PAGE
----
Chris talks about an element of fatigue present when embarking on a major restoration, and that it is sometimes prudent to take it to the next level. In other words, no matter how thorough a restoration, it can usually be made even better.

The black-on-white-plated ‘240Z 1’ — not, of course, its original silver-on-black registration — is a brilliant example, with accurate body shut lines, a superb engine compartment, and remarkably original black interior with trim showing only a few signs of wear and still with its original seating foam.

Factory wheels long gone

Its owner hankers after originality and mourns the fact that many owners of older everyday cars tamper with bodywork and fit oversize wheels and tyres. While the 240Z’s 14-inch 4.5J factory steel wheels are long gone, at least the replacement 15-inch FR Design alloys are discreet and complement the car’s handsome looks.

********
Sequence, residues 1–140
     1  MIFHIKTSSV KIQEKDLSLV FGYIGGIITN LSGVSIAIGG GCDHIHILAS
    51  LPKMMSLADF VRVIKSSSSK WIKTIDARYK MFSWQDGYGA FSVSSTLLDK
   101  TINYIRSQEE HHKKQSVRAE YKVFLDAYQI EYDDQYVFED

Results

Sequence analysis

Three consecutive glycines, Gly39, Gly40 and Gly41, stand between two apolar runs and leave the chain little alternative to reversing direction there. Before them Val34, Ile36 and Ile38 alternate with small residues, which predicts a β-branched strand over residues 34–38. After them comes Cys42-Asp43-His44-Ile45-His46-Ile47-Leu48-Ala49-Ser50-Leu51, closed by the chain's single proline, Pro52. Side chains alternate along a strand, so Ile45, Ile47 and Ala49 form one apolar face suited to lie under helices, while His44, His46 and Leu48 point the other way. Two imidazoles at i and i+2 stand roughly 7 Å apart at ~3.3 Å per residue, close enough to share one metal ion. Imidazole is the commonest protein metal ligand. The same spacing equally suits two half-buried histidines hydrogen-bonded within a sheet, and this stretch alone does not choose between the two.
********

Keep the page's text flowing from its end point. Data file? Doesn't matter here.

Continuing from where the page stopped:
The chrome bumpers, with their modest rubber inset corners and black grille, are tasteful; the smooth bonnet is uncluttered; the profile is impeccable; and the rear-end shaping subtle. Observe the touches of E-Type Jaguar and styling cues of the Ferrari 275 GTB, Porsche 911, and Aston Martin DBS. Designed by Austrian Albrecht von Goertz, there is absolutely nothing to dislike about the way that this rakish two-seater looks 50 years after first breaking cover at its world launch in the US, four weeks before going on sale in Japan.